PS: the last photo is my old garage on my one acre property in Chestnut Hill. I had an 18th century stone home which I loved. I don't think I ever really wrote about this place because i never really settled in. Something I wish I'd done but I was just so consumed with work.
  • I like taking photos at Disneyland that don't look like Disneyland.
  • This is my aunt on my french fathers side. During WWII, she got tuberculosis and was sent to a sanatorium to recover.

To pass time, she and her other young female friends would doll up, take photos and send them plus letters to soldiers to flirt with. Some they knew, some they didn't. Like old-fashioned Bumble. πŸ˜€
She was incredibly smart, witty, and fierce. In this photo she was full of possibilities and hope.

She married soon after to an abusive alcoholic, had four sons and quickly got trapped by circumstance and the era.

She was my favourite family member even though I didn't see her that often. I have one hand written letter from her and this photo which are the few family things I have.

I loved her because she always listened to me - patiently and sincerely. She saw who I really was and was so kind about it and oddly relatable. She gave me direction without advice. She laughed often, was direct when needed and sometimes acted soft. She was the only one who ever called me sweetie (my family nickname at the time was Chuck! and my family never used soft names with each other. So sweetie felt so amazingly special). I had 5 other aunts but I called her just "Aunty" as she defined them all. It was only to her that I felt a connection, unconditional love and a sense of family.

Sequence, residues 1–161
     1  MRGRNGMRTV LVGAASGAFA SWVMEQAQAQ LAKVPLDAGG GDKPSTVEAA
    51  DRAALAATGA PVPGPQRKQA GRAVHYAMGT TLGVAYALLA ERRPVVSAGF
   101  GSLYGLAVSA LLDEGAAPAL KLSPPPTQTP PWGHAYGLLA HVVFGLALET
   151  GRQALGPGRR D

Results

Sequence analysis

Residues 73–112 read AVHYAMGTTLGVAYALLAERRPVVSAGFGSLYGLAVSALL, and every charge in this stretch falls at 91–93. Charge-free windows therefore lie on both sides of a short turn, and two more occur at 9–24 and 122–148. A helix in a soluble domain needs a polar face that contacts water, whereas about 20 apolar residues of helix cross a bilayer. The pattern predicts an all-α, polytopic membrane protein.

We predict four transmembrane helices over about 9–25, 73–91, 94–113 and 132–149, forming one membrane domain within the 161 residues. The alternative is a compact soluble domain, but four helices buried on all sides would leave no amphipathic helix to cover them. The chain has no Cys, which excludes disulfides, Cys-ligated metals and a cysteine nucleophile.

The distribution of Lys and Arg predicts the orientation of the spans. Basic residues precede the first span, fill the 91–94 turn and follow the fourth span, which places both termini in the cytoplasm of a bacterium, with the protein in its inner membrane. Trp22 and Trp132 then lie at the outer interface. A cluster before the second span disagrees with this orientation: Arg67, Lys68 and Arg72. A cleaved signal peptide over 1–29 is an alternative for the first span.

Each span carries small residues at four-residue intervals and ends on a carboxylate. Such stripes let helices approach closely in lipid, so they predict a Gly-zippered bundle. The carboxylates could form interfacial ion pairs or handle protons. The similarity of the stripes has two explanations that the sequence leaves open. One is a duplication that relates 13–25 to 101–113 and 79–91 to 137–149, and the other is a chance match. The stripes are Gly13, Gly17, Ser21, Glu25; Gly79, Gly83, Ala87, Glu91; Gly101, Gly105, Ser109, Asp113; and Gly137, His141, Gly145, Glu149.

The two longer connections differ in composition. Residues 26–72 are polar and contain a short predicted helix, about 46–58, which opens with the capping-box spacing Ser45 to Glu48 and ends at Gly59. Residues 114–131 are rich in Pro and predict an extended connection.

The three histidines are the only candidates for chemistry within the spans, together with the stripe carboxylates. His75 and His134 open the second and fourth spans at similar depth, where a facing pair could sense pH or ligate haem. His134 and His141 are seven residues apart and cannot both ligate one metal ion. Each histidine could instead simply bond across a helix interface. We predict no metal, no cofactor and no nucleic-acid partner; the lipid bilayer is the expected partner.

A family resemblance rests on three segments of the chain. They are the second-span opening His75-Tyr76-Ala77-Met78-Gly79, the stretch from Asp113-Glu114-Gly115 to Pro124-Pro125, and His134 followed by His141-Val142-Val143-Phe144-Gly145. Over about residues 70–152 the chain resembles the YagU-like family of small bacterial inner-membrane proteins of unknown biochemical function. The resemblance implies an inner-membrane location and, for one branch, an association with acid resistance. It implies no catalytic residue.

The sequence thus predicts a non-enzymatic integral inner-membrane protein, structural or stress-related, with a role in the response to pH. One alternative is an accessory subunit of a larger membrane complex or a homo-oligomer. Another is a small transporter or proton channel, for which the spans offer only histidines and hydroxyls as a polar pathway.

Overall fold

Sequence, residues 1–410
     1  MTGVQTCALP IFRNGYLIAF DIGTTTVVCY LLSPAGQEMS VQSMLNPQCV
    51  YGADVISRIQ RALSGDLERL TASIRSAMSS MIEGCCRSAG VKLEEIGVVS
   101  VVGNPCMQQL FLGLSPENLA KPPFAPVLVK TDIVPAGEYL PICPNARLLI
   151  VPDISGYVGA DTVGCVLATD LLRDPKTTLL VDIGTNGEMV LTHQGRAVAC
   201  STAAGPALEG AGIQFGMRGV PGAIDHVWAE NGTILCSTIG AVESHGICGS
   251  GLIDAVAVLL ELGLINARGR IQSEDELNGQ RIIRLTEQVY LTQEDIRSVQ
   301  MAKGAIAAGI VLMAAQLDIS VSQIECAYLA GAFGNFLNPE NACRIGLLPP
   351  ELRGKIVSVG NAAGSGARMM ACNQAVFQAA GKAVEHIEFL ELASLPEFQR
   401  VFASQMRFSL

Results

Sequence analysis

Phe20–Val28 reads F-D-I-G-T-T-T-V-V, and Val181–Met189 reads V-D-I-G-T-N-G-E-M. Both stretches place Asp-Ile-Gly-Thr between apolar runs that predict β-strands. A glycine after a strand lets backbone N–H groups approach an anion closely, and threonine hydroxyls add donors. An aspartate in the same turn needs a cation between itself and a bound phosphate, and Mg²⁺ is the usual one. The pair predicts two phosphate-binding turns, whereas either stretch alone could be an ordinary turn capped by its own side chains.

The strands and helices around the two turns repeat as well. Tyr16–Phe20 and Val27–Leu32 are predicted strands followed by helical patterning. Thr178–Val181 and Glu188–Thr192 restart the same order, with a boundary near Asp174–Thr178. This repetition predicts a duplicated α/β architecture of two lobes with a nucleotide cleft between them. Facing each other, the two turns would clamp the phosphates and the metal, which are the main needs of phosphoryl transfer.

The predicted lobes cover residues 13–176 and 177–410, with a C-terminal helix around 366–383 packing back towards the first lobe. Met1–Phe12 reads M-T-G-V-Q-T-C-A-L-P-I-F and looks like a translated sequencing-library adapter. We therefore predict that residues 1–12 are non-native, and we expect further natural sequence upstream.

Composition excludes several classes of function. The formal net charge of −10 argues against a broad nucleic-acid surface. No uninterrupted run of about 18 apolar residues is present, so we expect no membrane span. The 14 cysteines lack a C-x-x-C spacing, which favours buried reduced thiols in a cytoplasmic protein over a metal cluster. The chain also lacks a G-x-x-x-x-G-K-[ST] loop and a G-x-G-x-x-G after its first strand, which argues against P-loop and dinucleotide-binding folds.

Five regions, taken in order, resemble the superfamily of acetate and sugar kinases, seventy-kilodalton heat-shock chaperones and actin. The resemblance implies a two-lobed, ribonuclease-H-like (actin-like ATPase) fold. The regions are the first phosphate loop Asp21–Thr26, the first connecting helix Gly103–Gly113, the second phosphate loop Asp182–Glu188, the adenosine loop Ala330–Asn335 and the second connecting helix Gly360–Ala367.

Her situation was always pitiful and dire,  but she never acted like a victim. When I saw her on her deathbed she was so small, weak and wilted from a hard life. But somehow she had always given me courage and strength, as if to say to be the possibilities she couldn't be.